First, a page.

A popular thing to do on social media now is "cancel" a celebrity.
What does it mean to "cancel" someone?
"Canceling" means to boycott and protest anything that involves a particular celebrity or brand because you're upset with something they said or did. At least, that's what it's supposed to be.
Usually what canceling actually involves is complaining about something a celebrity or brand has done or said, boycotting them for likes and views, and then forgetting all about them when it's no longer popular to be outraged at them. This is what cancel culture has become and it is honestly hypocritical.
There are some things that happen with celebrities and brands that people absolutely have a right to be upset about.
The "Surviving R. Kelly" Lifetime documentary and the recent Michael Jackson HBO documentary, "Leaving Neverland," both highlight some very creepy and child predator-like behavior by two world-famous musicians. I am aware of how likely it is that the Michael Jackson documentary is biased and untrue, but it doesn't change the fact that his behavior with those children was inappropriate and unacceptable.
If you want to stop listening to R. Kelly or Michael Jackson, then go right ahead and do just that.
But what you also need to do is be consistent about how you react to other "canceled" artists.
R. Kelly and Michael Jackson are not the only famous people who have been accused of sexual assault or unlawful behavior.
If people are going to cancel them, then let's also cancel every single movie Harvey Weinstein ever produced. While we're at it, let's cancel Tupac and all the songs he ever made. Don't forget to cancel "Poetic Justice" and "Juice" since he was in those movies, too. Oh, and how could I forget Chris Brown? He assaulted Rihanna a decade ago and despite all of the outrage, he still makes music and seems to be pretty successful. So much for him being canceled.
I think the most annoying example of this has to be when companies decide to cancel celebrities they make money from. If you don't remember, last year various streaming services briefly removed R. Kelly's music due to allegations of sexual abuse. What I want to know is, why was his music on those services in the first place if allegations like this have existed for years?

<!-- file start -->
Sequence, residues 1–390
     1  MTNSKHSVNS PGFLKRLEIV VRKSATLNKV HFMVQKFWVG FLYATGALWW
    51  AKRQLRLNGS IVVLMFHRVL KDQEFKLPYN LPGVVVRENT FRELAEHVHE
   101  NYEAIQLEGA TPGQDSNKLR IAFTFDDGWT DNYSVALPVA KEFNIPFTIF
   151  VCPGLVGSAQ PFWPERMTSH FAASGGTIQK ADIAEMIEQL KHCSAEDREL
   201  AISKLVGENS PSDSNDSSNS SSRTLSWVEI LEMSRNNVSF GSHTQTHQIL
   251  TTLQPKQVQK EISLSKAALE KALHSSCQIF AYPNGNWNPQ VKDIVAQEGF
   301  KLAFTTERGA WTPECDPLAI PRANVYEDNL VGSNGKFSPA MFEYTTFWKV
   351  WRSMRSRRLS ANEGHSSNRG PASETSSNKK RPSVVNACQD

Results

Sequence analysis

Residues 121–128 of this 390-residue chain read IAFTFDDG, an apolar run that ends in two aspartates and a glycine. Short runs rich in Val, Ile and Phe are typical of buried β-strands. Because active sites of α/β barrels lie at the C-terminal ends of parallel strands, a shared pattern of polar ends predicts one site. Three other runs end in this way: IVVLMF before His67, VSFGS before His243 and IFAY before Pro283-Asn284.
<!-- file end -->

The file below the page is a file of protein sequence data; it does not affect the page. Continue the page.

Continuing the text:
We all know he urinated on an underage girl, whether he was found guilty in a court of law or not. That was over a decade ago and yet companies had no problem putting his music up so they could make money from it.
Just last week, it was announced that one of the best "Simpsons" episodes, "Stark Raving Dad," would no longer be aired or distributed digitally due to the HBO documentary that highlights Michael Jackson's sexual assault allegations. I find this ridiculous for a few different reasons.
First of all, just like the R.Kelly situation, these allegations have been known for years, whether or not they are true. The producers of the show did nothing back when the episode was made, so it's a bit ridiculous to suddenly "care" now.
Also, the documentary itself has been called out for its bias. Jackson was never found guilty and there was never any hard evidence of what he did. The FBI didn't even find anything to prove the allegations.
Since the producers don't want an episode featuring an alleged child abuser and molester, then they should remove every episode featuring Julius Hibbert. The inspiration for this character is none other than Bill Cosby - you know the guy who was convicted and found guilty of sexual assault, unlike Michael Jackson. Only removing the Michael Jackson episode just makes the people behind "Simpsons" look hypocritical.
After this episode is gone, is "Do the Bartman" next? The song features Michael Jackson singing the chorus. You can listen to this song on Spotify, YouTube, Deezer, and iHeartRadio...at least until the record label behind the song decides to remove it.
"Cancel" culture is just a way for people to get likes and views online. The people who "cancel" celebrities end up looking like hypocrites. They'll "cancel" someone like Michael Jackson for allegations while continuing to listen to someone like Chris Brown, who has actually been convicted in a court of law for a crime.
If you're going to have some morals, then at least be consistent about them.